Coherent three-dimensional X-ray cryo-imaging
aLondon Centre for Nanotechnology, University College, Gower St, London, WC1E 6BT, UK, bResearch Complex at Harwell, Rutherford Appleton Laboratory, Didcot, OX11 0FA, UK, and cMaterials Science and Engineering, TongJi University, Shanghai, People's Republic of China
*Correspondence e-mail: firstname.lastname@example.org
Keywords: coherent diffractive imaging; cryo-CDI; three-dimensional imaging; three-dimensional cellular structure; coherent diffraction; X-ray imaging.
In this issue of IUCrJ, Rodriguez et al. (2015) from the University of California, Los Angeles, report their success in `Three-dimensional coherent X-ray diffractive imaging of whole frozen-hydrated cells'. This is a major achievement in the growing field of Coherent Diffractive Imaging (CDI), in which the UCLA group is one of the world leaders. The report appears to be the first time that three-dimensional CDI and cryogenic sample temperatures have both been used at the same time. In this sense, it represents the ultimate experiment.
CDI is a `lensless' X-ray imaging technique, which employs a computer algorithm in place of a lens between the sample and the detector. If the detector is in the optical far-field of the sample, the diffraction pattern is a simple Fourier transform of the wavefield projected through the sample. The image is then provided by an inverse Fourier transform, subject to a `missing phase problem' as in conventional crystallography. In CDI, the missing phase of this Fourier transform is synthesized by the algorithm using the fact that the diffraction pattern of a compact object can be oversampled with respect to its spatial Nyquist frequency, as first pointed out by Sayre (1952). Three-dimensional images are then obtained from the projections by conventional tomography, modified by Rodriguez et al. (2015) as `equal slope tomography' to handle the case of a thin slab-shaped sample with limited accessibility.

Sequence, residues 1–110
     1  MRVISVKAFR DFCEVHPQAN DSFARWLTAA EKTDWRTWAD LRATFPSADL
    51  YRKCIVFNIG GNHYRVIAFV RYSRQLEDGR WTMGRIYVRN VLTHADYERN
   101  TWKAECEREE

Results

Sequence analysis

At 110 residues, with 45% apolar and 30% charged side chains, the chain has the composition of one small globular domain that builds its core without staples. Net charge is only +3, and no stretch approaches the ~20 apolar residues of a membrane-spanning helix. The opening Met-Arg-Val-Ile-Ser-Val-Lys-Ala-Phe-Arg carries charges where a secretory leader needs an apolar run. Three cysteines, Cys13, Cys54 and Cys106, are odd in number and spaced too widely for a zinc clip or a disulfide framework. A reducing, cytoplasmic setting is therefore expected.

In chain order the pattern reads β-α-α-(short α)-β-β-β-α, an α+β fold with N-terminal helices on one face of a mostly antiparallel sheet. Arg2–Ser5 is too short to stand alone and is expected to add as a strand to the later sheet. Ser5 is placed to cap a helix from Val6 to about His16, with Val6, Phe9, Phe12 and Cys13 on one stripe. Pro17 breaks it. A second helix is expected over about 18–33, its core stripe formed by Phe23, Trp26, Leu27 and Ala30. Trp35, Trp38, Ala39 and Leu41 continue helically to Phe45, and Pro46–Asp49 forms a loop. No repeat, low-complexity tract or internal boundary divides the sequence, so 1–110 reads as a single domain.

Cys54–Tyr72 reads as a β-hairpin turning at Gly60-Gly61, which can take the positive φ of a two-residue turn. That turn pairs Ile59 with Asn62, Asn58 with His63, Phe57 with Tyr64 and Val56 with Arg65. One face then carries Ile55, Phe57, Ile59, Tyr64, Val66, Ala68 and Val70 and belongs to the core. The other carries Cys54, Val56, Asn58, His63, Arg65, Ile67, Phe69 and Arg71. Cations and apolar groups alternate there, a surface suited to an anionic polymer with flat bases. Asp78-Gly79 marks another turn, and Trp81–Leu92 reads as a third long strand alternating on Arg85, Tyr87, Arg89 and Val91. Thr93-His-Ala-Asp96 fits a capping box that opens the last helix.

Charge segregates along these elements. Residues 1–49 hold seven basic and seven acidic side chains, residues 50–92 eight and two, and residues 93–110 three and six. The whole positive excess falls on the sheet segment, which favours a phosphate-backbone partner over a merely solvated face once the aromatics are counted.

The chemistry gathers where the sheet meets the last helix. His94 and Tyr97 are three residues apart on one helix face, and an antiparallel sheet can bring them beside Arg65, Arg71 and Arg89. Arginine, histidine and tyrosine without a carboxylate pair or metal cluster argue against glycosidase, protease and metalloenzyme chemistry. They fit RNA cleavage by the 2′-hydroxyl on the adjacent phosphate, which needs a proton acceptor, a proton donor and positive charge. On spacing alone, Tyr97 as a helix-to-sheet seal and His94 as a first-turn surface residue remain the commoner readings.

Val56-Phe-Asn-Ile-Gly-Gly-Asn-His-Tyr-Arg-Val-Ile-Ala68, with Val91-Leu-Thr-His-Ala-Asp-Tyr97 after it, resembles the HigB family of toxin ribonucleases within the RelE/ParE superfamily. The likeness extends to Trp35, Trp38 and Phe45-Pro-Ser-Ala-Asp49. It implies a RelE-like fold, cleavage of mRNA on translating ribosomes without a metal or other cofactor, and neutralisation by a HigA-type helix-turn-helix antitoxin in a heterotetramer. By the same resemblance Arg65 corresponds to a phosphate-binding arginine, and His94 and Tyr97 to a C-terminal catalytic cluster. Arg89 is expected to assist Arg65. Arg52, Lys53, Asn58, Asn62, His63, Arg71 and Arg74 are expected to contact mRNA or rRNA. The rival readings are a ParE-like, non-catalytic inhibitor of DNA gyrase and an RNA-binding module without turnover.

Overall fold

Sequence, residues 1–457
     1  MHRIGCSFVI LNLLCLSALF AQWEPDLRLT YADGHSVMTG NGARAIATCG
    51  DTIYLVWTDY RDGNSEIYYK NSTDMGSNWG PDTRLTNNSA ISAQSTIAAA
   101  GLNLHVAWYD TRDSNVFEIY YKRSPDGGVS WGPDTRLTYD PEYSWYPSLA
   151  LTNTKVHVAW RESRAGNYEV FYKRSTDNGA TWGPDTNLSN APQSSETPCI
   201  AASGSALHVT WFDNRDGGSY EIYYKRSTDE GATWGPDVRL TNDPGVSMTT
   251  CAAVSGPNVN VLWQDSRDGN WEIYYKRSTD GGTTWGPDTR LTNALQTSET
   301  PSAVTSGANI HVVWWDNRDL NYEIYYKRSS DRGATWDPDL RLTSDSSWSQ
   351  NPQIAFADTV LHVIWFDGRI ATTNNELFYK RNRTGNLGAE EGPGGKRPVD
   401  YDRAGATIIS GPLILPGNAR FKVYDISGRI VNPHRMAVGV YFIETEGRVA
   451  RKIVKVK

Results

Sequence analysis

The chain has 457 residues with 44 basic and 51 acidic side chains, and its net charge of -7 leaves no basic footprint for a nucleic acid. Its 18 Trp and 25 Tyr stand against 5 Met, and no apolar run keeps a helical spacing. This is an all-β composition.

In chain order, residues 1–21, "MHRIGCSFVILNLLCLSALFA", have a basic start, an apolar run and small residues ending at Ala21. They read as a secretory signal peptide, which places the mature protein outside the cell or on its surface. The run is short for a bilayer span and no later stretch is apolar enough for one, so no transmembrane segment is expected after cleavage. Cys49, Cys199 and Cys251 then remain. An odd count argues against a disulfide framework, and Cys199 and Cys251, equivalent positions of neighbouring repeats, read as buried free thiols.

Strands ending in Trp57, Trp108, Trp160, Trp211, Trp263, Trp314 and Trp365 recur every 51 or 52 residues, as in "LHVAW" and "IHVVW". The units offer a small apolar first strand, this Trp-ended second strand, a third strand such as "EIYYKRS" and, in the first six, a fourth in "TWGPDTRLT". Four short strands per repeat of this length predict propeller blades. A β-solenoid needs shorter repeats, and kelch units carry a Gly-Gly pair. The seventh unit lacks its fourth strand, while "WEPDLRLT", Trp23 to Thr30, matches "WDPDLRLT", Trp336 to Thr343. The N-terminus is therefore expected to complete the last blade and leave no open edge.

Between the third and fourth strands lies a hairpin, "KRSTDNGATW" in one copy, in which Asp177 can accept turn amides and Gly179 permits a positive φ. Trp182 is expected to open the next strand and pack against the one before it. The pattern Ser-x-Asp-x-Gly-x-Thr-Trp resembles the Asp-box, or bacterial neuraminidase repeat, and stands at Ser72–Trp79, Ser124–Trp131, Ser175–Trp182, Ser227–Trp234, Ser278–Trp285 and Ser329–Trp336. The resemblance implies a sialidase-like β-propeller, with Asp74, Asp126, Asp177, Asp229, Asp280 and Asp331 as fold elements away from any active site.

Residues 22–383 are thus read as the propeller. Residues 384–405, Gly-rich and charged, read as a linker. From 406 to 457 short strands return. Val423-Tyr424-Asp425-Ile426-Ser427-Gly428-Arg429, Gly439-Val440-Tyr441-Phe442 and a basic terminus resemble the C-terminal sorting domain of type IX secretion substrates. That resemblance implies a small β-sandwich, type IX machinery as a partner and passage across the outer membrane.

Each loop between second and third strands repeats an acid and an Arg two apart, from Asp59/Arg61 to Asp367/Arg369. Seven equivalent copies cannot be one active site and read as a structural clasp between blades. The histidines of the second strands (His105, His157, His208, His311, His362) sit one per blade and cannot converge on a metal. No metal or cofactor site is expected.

CDI is maximally dose efficient because, in principle, every photon scattered by the sample can be collected and counted, without any losses associated with lenses. For three-dimensional imaging, this is particularly important because multiple views of the sample are required which can potentially increase the dose received by the sample. For biological samples, radiation dose management is desirable because dose is the main limitation to the image resolution that can be achieved. As in macromolecular crystallography, frozen samples can be used to reduce the damage rate by preventing the diffusion of free radicals. To combine this with three-dimensional imaging, where the frozen sample has to be rotated through the X-ray beam, is the important technical accomplishment of Rodriguez et al. (2015).
The question of the `ultimate', dose-limited, resolution of an idealized CDI experiment has been discussed in two important papers in the literature: Shen et al. (2004) estimated the limit to be 3–5 nm, while Howells et al. (2009) estimated 10 nm was the resolution limit. While their detailed theoretical arguments are slightly different, both Shen et al. (2004) and Howells et al. (2009) estimate the dose tolerated by a biological sample under the optimal resolution conditions to be 109 Gy. 1 Grey (Gy) corresponds to 1 J of absorbed energy per kg of sample. Rodriguez et al. (2015) estimate their sample received 4.55 × 108 Gy and showed no sign of loss of information in the diffraction patterns. Where the experiment falls short of the ideal theoretical situation is that the resolution was only 74–99 nm, rather than in the 10 nm range. However, their experimental result is broadly consistent with the results of other groups attempting synchrotron X-ray imaging of whole cells in two and three dimensions, with and without cryo-freezing.